Ashes in the Mail — Dealing with the Loss of a Loved One has Changed in the COVID Era
Jason Oszczakiewicz, a Pennsylvania funeral home director known as “Oz,” has become accustomed to delivering the ashes of recently deceased persons as it has begun to occur about 9 or 10 times a month.
Oz stated, “I seem to be mailing a lot to Georgia, North Carolina, Florida, New York.”
The pandemic has not only changed how things are done during life, but also in death.
Memorial services have been postponed, eulogies delivered over zoom, and many people are moving towards cremation in order to skip the process of burying bodies. Since out-of-state relatives have been unable to travel and pick up remains, the U.S. Postal Service has become the middle man in delivering ashes to doorsteps.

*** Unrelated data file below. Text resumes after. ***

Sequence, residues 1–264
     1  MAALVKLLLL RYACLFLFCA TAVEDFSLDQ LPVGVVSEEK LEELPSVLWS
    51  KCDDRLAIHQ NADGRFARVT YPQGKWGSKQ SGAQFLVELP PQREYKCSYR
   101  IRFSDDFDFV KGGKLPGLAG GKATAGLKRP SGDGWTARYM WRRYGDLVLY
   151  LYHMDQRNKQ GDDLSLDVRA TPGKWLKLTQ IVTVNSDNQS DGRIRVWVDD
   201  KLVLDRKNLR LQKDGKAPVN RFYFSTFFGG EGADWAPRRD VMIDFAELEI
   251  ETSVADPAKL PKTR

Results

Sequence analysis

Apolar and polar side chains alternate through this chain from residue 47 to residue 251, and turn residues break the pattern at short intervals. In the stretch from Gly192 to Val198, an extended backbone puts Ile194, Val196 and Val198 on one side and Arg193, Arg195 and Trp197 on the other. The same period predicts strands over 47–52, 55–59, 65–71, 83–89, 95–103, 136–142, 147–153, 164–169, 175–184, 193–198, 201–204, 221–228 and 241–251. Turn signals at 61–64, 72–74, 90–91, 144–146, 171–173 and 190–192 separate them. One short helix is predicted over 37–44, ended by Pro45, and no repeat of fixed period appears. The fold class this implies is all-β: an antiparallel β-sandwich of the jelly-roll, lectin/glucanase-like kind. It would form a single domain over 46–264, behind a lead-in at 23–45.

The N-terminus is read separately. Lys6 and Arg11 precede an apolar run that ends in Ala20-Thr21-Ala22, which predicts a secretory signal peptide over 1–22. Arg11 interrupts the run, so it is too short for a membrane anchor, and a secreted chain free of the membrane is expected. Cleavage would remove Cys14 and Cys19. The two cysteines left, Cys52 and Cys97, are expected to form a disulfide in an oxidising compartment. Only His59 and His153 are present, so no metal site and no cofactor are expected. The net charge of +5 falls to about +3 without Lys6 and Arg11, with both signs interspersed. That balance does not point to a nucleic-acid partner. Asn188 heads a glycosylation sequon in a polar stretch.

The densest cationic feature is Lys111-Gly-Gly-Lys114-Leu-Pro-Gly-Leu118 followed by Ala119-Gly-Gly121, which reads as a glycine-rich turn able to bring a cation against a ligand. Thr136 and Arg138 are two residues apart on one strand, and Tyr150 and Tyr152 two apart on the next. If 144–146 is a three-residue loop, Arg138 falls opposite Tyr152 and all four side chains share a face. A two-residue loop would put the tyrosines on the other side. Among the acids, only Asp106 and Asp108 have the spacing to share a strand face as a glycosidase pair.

In order to safeguard the remains, you must send them Priority Express Mail, and they require a signature.
This process has become so popular that the USPS is having a hard time keeping up with their bright orange sticker that reads “CREMATED REMAINS.”
The USPS is struggling to keep up with the demand for its Label 139, a bright orange sticker it requires on these packages that reads “CREMATED REMAINS.” The Postal Service also offers a kit for human ashes that comes with a sealable plastic bag, bubble wrap and cardboard box. The USPS website warns of delays “due to high order volume.”
See Mary Jordan, Ashes in the mail: Dealing with the loss of a loved one has changed in the covid era,
The Washington Post, March 3, 2021.
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